Part of what we have had to deal with is an emotional roller-coaster ride. We are here because my good friend, Dave Owen, President of PIU, is sick. He discovered his ailment, yet undiagnosed, when he landed in the mainland USA for Christmas break. He and his wife, Joyce, were not able to return to Guam. You can read Dave's report on his health here, and a previous report from me on how I got here, here. Our presence at PIU-Guam is because of bad news. What we are doing is trying to insure that the Good News goes forth more effectively in a needy part of the world. I know it sounds Seseme Street-ish, but since we are here, we are not there. In our case there at least two "there"s. We miss oour home in VA, though at for the past week, our hearts have more often turned to Palau, where we were scheduled to be until a couple of weeks ago.
In the kind of situation in which we find ourselves, survival is the first measure of success.
We have made it through the first week. I was able to get a syllabus adapted to the class I am teaching and actually teach two sessions. I have participated in many meetings, some ad hoc--grab a couple of key people, and take 5-10 minutes to make up our mind--and others planned. I spoke in chapel, and led a prayer meeting. Like a guy trying to swim in rough surf, I have read a lot in preparation for the class, Critical Thinking, that I'm teaching. For a time the more I read, the higher the water of what I need to rose. I have managed to keep my nose above the surface. It remains a challenge, but I see glimpses of daylight. We have attended one worship service and a small group meeting of our church, here on Guam.
Perhaps we are like the guy who jumped from the twenty story building and made an announcement as he passed the tenth floor, but we are doing OK. We went on a date last night. Dinner and a movie. It was nice.
- We have been received here with great kindness.
- All of the staff have been great to us, but in particular I praise the Lord for the great relationship I'm building with VP for Business Affairs, Nino Pate', and Administrative Assistant Scott Refilong, a 2016 graduate of PIU, and a former intern at our mission, Liebenzell USA.
- We praise the Lord for good health. We have done a pretty good job of walking for exercise.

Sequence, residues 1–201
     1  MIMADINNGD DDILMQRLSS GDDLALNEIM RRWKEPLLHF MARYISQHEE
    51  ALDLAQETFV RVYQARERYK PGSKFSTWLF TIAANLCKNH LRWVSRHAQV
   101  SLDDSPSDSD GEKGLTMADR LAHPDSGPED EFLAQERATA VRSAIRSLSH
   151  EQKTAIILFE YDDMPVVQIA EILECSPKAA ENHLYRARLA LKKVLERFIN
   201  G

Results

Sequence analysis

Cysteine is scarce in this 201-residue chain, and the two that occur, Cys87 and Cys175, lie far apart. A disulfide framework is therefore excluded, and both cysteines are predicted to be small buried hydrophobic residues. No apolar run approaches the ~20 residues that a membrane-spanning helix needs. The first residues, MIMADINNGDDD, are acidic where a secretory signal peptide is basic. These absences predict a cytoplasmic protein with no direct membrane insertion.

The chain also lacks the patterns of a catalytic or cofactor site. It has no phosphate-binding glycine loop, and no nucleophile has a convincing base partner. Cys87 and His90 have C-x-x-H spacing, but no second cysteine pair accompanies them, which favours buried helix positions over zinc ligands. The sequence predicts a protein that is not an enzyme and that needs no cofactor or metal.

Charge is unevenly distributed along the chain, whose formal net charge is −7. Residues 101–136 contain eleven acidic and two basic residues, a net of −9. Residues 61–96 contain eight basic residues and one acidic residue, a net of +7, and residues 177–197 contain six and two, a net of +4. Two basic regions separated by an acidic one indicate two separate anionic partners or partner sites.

- This is by far the best experience we have ever had in getting over jet lag. We attribute it to the prayers of many being answered.
- The survival story, from above.
- (Above the din of roosters from the "farm" next door--they raise roosters for the ring, not the the table--I hear the cooing of a dove. Nothing extraordinary back home in VA. Here in Guam, though, the accidental introduction of the brown tree snake during the World War 2 era all but eradicated the bird population. Hearing the dove just seems like an indicator of God's grace.
- It seems almost profane to ask you to pray for our health, when our friend is so sick, but we do ask that. I'm not foolish enough to think that I'm essential. I'm not, but a lot of folk are depending on us right now. Pray for Dave first, then for us.
- Pray that we'll continue to figure this out.
- Pray for meaningful, life-changing connections with students and staff.
- Pray for the staff of PIU. We are not the only ones who are very busy. Everyone, here, is carrying an extra load.
- Beyond the survival mode, which requires a lot of our attention right now, there are bigger, longer-term matters, some of my colleagues are working on things that could change PIU for the better for decades to come.
- One of Jim's students was visiting him, here in the living room of our apartment. This guy is already a leader not only of a church, but of a network of ministries. What we are doing has potential downstream that is beyuond what we can imagine. Pray for our students.
Kathy and I are very thankful for those of you who partner with us in this venture. As we start each class session we remind the students that there is a group of people who make it possible for us to be here. We pray for you.
By His Grace,
H. (for K. too)